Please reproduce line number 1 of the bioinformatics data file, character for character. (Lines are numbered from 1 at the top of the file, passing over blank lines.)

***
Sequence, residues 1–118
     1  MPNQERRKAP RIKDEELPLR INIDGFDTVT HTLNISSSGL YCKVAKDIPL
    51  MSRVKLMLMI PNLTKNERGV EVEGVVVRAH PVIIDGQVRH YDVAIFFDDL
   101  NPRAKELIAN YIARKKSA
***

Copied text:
Sequence, residues 1–118